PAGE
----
Use the teaching of inter-dependence to sever our ego. We often take ourselves as the center of the universe and believe our success and achievement were all due to our own effort. However, if we contemplate on the inter-dependent of all things, we soon realize that to accomplish anything, many supporting conditions need to exist. For example, to go to work daily to earn a living, we need these conditions: having proper education or necessary skills, transportation system, government, companies, co-workers, good health, peaceful country, etc. If we go deeper and contemplate how each of the supporting conditions could come into existence, we realize each of them also depends on many other factors. We realize that for anything to exist, it depends on the whole universe. Inter-dependence contemplation helps me to be more grateful, less egoistic, and more appreciative to everything and everyone, knowing that everything I have done or accomplished will be impossible without them.
Embrace all, but attach to none. There are many views, theories, or doctrines in the world. Though we may not agree with some of those views, we should not quarrel or dispute with those who hold those views. No view can describe the totality of the whole truth, but they can describe a certain part of the truth. It is like when we are hiking on the mountain. As we stand in various parts of the mountain, the views all look different from one another, but they are all views of the same mountain, but from different angles. When we interact with people in our daily life, we are certain to encounter views or opinions which are different from us. I have learned to be more open-minded and accepting of others’ opinions, knowing that all views and opinions may be valid if you look at them from certain viewpoints.
Analyzing events happening around us using Buddhist teachings will deepen our understanding of the teachings. For example, when I read the news, I would sometimes analyze the story in the news using principles of causality, karma, emptiness, etc to understand why things happen in a certain way, or how things could turn out differently if we apply Buddhist teachings and react differently. Similarly, in daily life when I am upset or angry about a certain situation or person, I would reflect and analyze it using various Buddhist teachings. By doing this exercise, over time, my understanding of the teachings deepen, and I am better prepared if and when I encounter a similar situation in the future. It is also beneficial to memorize key points in Buddhist teachings, so we can always have them at our fingertips. After all, how can we apply the teachings when we need them most if we don’t even remember them?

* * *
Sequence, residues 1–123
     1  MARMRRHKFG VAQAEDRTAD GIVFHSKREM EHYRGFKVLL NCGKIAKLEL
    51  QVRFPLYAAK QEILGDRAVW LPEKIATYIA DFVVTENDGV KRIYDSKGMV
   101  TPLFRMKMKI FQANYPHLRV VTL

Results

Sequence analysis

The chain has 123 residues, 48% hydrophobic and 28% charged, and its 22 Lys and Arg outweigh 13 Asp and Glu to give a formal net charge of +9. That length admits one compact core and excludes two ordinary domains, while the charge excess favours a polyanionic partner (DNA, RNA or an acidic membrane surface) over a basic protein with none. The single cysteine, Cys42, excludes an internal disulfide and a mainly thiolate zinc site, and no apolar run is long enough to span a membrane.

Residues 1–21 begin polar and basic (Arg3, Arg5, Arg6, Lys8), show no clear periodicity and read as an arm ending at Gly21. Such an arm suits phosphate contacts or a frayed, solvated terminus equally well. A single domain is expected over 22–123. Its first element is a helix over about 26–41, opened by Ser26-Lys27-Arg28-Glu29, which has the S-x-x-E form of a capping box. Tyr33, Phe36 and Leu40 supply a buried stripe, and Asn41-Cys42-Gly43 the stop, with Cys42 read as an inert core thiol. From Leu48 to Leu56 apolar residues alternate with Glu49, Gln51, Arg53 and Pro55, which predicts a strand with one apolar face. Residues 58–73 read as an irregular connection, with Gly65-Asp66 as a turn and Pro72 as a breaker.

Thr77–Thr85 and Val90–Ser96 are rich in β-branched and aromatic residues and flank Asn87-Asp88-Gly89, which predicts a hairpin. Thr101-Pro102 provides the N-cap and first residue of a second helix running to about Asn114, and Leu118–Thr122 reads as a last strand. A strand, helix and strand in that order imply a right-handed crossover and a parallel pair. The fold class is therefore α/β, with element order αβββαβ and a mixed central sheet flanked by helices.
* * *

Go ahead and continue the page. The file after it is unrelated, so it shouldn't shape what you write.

Having a calm mind is so important to deal with any situation in our daily life. That’s why meditation is a crucial part of our practice. At the beginning of my practice, I did sitting meditation practice once or twice daily. Soon I realized that just doing sitting meditation is not enough. How about the rest of the time when I am not on a meditation cushion? I realized it is also important to practice mindfulness in everything I do. So, brushing teeth, cleaning the house, doing laundry, etc are now also part of my meditation practice. Furthermore, since our bodily and verbal actions arise from our thoughts, I also practice being aware of thoughts that arise in my mind at every moment. If we can observe our thoughts, we can let go of unwholesome thoughts the moment they arise, before they turn into harmful verbal or bodily actions.
Be patient in our practice. When we start on the path of cultivation, sometimes it is not easy to know if we are making any progress or if the methods we are using are even effective. One way we can check is to observe the frequency and intensity of our afflictions. For example, in the past, we usually got upset 10 times a day on average. But now after we practice Buddhism, we only get upset 5 times a day. Yes, we still get upset, but the frequency of the affliction is now reduced 50 percent. That’s a commendable improvement and you deserve a pat on the back. In the past, when your affliction arose, its intensity maybe 10 on a scale of 1 to 10, but now the intensity is only 5. This also shows your practice has improved. Noticing that we make progress in this way, we will have faith that with continuous practice, we can eventually eradicate all the afflictions and achieve liberation.